In the chronic phase of GVHD models, APCs are classified into host radioresistant non-hematopoietic cells or donor BM-derived hematopoietic cells. The former directly present complexes of host-type minor histocompatibility antigen (miHA)-derived peptide and MHC molecule to donor T cells, whereas the latter uptake host-type miHA from host radioresistant non-hematopoietic cells and present miHA-peptide/MHC complexes to donor-T cells through an indirect pathway. To investigate the allo-recognition pathway that contributes to the maintenance of TG and THSC populations after allo-HSCT, we cocultured TG or THSC with BMT recipient-derived APCs 49 days after allo-HSCT. To examine the direct pathway, we used radio-resistant host-derived non-hematopoietic cells that present endogenous host-type antigens (Figures 4F,G). To examine the indirect pathway, we used donor-derived T cell/NK cell-depleted hematopoietic cells containing professional APCs, which uptake and then present host antigens. We also used untreated C3H.SW mouse-derived hematopoietic cells and non-hematopoietic cells to examine the direct pathway that is involved in the early induction of effector TG. CFSE-dilution assays demonstrated that neither CD4+ nor CD8+ TG proliferated in response to coculture with non-hematopoietic cells prepared from BMT recipient or untreated C3H.SW mice. In contrast, both CD4+ and CD8+ TG proliferated when cocultured with hematopoietic cells from C3H.SW mice (direct pathway) and to a lesser extent when cocultured with hematopoietic cells from BMT recipients (indirect pathway) (Figure 4G). THSC displayed a similar proliferative response except that a small proportion of CD8+ THSC proliferated in response to coculture with non-hematopoietic cells. Considering that host-type hematopoietic APCs are completely absent in mice suffering cGVHD (data not shown), these results suggest that indirect host antigen presentation by donor-derived hematopoietic cells may be involved in the maintenance of TG in cGVHD-affected organs.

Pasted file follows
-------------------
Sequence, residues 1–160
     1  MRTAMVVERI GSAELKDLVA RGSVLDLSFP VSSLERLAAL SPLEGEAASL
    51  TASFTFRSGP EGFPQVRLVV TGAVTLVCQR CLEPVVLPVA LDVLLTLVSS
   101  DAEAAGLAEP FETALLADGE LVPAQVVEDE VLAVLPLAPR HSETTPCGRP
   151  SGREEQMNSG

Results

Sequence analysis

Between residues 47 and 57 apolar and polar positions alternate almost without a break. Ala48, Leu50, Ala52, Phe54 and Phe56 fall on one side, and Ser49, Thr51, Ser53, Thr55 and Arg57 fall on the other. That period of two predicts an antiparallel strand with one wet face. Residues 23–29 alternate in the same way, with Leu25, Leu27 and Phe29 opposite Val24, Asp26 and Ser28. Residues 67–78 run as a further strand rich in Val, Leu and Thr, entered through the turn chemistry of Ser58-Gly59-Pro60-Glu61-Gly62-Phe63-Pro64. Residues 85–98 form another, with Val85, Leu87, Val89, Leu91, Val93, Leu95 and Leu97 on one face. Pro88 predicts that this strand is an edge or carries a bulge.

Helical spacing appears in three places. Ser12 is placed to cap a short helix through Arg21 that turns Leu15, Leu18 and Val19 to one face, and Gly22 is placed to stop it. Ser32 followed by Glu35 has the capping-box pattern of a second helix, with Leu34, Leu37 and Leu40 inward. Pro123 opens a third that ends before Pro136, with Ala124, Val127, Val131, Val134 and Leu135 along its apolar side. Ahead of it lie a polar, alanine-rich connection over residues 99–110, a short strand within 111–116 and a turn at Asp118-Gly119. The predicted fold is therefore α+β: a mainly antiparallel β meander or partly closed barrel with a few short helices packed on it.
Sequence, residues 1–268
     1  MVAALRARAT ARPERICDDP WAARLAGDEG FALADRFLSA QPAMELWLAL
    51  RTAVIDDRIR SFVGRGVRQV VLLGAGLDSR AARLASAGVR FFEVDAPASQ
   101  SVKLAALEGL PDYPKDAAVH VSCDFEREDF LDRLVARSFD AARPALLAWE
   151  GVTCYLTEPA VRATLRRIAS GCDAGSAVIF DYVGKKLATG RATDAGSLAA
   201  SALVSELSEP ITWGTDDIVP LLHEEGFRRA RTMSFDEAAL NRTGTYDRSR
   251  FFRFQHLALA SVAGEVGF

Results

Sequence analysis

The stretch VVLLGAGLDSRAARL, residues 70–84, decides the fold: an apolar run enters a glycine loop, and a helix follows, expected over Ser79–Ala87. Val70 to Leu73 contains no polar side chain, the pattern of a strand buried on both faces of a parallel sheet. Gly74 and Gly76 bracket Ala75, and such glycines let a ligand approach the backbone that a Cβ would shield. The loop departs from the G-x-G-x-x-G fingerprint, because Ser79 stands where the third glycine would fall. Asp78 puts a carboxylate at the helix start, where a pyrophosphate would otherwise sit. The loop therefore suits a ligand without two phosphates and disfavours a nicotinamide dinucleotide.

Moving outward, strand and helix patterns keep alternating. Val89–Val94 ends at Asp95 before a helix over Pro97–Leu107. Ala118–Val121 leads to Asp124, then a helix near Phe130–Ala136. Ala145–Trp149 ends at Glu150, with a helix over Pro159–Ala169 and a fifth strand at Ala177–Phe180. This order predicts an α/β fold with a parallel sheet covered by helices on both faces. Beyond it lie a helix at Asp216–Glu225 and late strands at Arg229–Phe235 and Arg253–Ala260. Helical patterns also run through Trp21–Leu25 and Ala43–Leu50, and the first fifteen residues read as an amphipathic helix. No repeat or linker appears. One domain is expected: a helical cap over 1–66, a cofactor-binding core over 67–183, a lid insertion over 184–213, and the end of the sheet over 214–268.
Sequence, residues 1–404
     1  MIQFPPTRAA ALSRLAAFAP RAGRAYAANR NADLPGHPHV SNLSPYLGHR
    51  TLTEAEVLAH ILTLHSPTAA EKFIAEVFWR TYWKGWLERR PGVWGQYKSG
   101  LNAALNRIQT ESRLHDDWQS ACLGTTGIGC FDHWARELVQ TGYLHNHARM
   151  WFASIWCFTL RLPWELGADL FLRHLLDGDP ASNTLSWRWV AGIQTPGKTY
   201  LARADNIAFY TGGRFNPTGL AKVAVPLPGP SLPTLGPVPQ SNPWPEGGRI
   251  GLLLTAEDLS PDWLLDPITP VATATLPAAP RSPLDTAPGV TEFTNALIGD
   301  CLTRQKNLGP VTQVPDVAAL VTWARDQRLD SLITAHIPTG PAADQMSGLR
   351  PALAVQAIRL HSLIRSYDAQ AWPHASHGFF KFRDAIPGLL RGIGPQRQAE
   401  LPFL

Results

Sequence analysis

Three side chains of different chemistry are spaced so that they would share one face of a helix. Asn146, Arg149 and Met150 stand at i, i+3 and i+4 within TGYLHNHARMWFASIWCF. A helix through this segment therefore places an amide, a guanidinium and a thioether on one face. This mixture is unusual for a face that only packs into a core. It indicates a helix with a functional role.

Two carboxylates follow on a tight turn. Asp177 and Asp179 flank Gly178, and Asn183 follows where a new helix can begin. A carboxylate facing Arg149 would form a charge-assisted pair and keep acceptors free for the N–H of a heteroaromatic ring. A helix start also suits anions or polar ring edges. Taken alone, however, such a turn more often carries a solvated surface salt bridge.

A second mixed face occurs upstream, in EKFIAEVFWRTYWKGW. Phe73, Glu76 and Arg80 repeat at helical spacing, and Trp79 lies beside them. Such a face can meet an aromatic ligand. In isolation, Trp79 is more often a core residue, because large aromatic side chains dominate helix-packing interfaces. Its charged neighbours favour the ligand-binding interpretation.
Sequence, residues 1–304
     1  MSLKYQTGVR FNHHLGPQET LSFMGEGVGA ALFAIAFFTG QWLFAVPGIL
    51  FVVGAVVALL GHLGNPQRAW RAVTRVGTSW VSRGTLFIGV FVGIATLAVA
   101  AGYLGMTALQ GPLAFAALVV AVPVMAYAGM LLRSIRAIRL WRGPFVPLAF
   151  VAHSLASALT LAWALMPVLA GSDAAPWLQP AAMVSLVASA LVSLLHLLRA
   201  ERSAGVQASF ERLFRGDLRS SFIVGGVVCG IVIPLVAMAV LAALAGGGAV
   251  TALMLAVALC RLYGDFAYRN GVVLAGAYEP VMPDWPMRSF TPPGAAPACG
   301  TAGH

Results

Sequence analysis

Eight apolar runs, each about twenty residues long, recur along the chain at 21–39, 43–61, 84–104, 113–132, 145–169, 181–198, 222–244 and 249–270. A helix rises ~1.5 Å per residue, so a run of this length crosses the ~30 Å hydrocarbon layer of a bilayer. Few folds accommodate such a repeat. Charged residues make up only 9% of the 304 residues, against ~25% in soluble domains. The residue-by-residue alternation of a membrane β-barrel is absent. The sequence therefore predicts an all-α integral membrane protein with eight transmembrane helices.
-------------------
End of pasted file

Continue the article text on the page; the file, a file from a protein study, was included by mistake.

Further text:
Since inflammatory factors such as IFNγ modify antigen processing by inducing expression of immunoproteasomes and MHC molecules (28), we performed similar donor T cell and APC ex vivo coculture experiments with APCs that had been pretreated with 10 U/mL IFNγ for 16 h, which induced the expression of MHC class I and MHC class II on both hematopoietic and non-hematopoietic APCs. IFNγ pretreatment did not affect antigen presentation by non-hematopoietic APCs (Figure 4H). However, IFNγ pretreatment of hematopoietic APCs significantly increased the proliferation of CD4+ and CD8+ TG in both direct and indirect pathway-dependent settings. In contrast, IFNγ pretreatment of hematopoietic APCs significantly suppressed the direct pathway-dependent proliferation of CD4+ THSC and indirect pathway-dependent proliferation of CD8+ THSC. These results suggest that IFNγ expression in cGVHD-affected tissues may cause prolonged dominance of TG among CD8+ T cells.